Children cherish the good times at birthday parties. However, parties forced inside due to inclement weather— as well as awkward pauses between introductions, entertainment and mealtime— pose a few challenges. Kids often become antsy while waiting for entertainment to arrive, yet it’s not wise for children to play outside when there’s a wintry chill. To keep everyone from going stir-crazy at parties, here are some fun ideas to keep the good times rolling.
Make a Boredom Buster Box
With your family’s assistance, brainstorm ideas for indoor amusement (continue reading for some suggestions). Write down each musing on separate scraps of paper. Fold up the pieces of paper and place them in a box. Then even outside of party time, when the weather is bad or the kids are bored, have a child reach into the boredom box for a suggested activity to try. Better yet: Each week, put something in or under the box that offers an entertaining activity, such as a lump of Play-Doh®, a board game, a snack recipe or a deck of cards to enjoy that week.
Build an Indoor Fort
Choose an old sheet that kids can use to create an indoor fort. They can drape the sheet over furniture, then crawl under with flashlights and pretend they’re in a mountain cave, a far outpost or a secret room. Offer props to enhance the play, including pillows, stuffed animals or little cars.
Grow a Flower Garden
Place a packet of seeds inside the box. Buy small flowerpots, soil and seeds to encourage kids to plant their own flowers. If time permits, invite children to paint their pots before completing another activity while the pots dry. When the pots are ready for use, fill them with soil, and insert the seeds according to the package’s directions. Have your own kids keep a record of how often they water the seeds, when the first buds break through and how much the flowers grow each day or week.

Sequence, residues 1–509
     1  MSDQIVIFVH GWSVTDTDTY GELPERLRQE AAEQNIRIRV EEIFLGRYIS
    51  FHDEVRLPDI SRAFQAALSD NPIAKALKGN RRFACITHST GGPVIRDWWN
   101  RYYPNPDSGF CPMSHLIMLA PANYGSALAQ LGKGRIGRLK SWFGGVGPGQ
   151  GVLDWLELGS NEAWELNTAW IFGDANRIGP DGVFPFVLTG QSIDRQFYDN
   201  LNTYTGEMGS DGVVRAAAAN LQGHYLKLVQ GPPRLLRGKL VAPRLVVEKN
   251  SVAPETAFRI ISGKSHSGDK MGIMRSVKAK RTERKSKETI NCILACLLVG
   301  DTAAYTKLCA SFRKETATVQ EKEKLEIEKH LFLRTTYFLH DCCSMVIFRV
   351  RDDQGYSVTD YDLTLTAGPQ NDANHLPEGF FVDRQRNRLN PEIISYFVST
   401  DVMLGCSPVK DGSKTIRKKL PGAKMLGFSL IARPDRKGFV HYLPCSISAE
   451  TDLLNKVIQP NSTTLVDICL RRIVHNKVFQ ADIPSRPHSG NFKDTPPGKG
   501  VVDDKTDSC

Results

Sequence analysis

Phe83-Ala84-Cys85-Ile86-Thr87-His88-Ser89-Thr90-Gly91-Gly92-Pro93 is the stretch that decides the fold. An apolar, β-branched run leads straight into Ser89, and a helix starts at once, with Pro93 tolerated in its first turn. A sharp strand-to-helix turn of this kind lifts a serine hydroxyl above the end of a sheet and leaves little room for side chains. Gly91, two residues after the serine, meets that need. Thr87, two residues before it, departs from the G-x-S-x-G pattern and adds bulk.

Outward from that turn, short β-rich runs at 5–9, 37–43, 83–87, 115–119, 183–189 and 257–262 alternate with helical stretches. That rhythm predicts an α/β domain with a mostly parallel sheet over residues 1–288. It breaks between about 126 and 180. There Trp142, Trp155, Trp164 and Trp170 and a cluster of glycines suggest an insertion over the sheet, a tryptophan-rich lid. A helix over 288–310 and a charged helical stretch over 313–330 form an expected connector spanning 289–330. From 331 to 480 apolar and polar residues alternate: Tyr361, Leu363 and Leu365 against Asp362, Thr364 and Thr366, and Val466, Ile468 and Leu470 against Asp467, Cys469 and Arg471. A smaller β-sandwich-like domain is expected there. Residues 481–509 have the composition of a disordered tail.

Have a Balloon Blast
Let the kids think up ways to play with balloons, such as:
- Inflate a balloon, then stretch the opening flat to make the balloon squeal as the air seeps out.
- Run an inflated balloon against your clothes or hair for static. See how many balloons you can stick to the walls with static electricity.
- Try to keep an inflated balloon in the air as long as possible just by batting it. Two people can engage in the fun together, batting the balloon back and forth. Or, have a contest to see which pair of kids keeps the balloon afloat the longest.
- Draw a funny face on an inflated balloon with permanent marker. Another option is to decorate the balloon.
- Place inflated balloons around the house. Have kids race to retrieve as many balloons as possible.
Learn a Secret Code
Scatter paper and pencils on the floor. Invite children to create coded messages for each other, before trying to decipher them. For example:
- For each group of kids, one child writes a message using a white crayon on white paper. Others decipher it by rubbing a colored crayon over the message to reveal the writing.
- Kids can collaborate to make a specific symbol designating each letter in the alphabet. Have a key of the symbols. One kid writes a message, then the other kids decode what’s written using the key.
- One child writes a message without vowels and lets the others decipher it, like CN Y DCPHR THS MSSG?
Create a “Green” Town
Collect an empty orange juice can, a toilet paper roll, a bottle cap, a bandage tin, a crackers box, a spool and other recyclables. Have kids build a super city, a space station, a country farm or an amusement park using the toss-away materials and a roll of tape. Add a few small cars, farm animals or tiny people to complete the fantasy world.
Put on a Puppet Show
Find hand or finger puppets, or small dolls. Get a big appliance box, then have kids cut out an opening for the stage. Affix a piece of cloth or towel to the top of the box to make a curtain. Next paint the box to make it festive, tie on a few helium balloons and have children present a puppet show from inside the box.
Bake and Decorate Cookies
Print a recipe for your favorite easy-to-make cookies, and stash the ingredients next to the directions. Under your supervision, allow children make the cookies, perhaps decorating them with tubes of frosting and candy sprinkles. It’s the perfect sweet ending to a special celebration!